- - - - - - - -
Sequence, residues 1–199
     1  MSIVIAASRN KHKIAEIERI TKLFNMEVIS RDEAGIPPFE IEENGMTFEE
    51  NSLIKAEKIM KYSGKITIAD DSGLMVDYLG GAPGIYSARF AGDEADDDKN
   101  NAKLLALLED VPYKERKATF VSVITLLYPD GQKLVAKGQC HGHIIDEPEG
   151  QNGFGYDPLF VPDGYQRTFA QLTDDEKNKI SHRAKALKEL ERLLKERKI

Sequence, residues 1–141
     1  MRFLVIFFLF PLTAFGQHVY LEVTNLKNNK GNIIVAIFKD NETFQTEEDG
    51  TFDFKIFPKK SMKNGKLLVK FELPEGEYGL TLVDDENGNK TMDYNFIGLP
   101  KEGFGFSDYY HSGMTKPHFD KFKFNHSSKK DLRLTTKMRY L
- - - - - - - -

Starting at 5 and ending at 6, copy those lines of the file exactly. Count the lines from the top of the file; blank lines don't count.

   151  QNGFGYDPLF VPDGYQRTFA QLTDDEKNKI SHRAKALKEL ERLLKERKI

Sequence, residues 1–141